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The Battle for America: The French and Indian War

Evening Lecture/Seminar

Tuesday, October 17, 2023 - 6:30 p.m. to 8:00 p.m. ET
Code: 1M2287
This online program is presented on Zoom.
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A View of the Taking of Quebec, 1797 engraving (Library of the Canadian Department of National Defence)

In all the centuries of wars fought between the European superpowers before 1740, North America had never been more than a sideshow. But that changed in 1756 as it took center stage in the world’s first truly global war. The conflict was one so massive that it spanned seven years and five continents: from India to Indiana, the Caribbean to Canada, Buenos Aires to Belgium, and Pennsylvania to the Philippines. In Europe and nearly everywhere else, the bitter contest among the great empires of Britain, France, and Spain is called the Seven Years War, while in in the United States it’s known as the French and Indian War.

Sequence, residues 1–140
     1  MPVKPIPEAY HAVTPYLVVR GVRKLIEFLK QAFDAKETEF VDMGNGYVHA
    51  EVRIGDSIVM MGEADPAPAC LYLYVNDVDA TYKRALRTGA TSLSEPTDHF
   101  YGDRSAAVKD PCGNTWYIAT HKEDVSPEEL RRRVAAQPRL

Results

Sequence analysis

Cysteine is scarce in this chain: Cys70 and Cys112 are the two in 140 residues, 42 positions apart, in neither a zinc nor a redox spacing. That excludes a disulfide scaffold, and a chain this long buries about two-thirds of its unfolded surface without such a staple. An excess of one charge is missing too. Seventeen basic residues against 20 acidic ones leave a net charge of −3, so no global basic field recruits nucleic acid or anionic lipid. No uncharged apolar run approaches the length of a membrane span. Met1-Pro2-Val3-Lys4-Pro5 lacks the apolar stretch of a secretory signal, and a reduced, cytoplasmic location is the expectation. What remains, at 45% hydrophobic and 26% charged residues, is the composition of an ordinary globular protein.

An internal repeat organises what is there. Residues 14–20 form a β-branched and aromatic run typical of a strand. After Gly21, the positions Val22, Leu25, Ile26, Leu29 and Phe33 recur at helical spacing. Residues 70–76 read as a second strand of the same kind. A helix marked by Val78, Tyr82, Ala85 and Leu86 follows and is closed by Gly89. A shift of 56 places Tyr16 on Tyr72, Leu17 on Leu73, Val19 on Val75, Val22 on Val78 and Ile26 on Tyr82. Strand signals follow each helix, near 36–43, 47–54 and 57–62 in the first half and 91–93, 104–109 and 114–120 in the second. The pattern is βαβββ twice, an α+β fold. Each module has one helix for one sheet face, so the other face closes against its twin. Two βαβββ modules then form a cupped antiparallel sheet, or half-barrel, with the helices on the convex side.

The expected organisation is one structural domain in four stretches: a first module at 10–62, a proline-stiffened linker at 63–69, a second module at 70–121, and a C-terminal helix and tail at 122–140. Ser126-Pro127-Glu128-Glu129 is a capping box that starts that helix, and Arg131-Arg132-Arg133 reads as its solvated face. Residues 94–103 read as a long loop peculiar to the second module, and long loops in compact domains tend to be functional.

Richard Bell, a professor of history at the University of Maryland, focuses on the parts of this global conflict that took place on American soil. He tracks the shifting fortunes of the several European forces, as well as their Indigenous and colonial American allies. He examines the peace treaty that Britain and France finally signed in 1763 to bring this destructive war to an end, a treaty that surrendered French Canada to the British and forced the French out of North America.

Bell also examines the peculiar legacy of the American colonists’ involvement: Their participation reinforced a sense of themselves as essential partners in the British Empire, but also sowed the seeds of the imperial crisis that would culminate in American independence just 20 years later.

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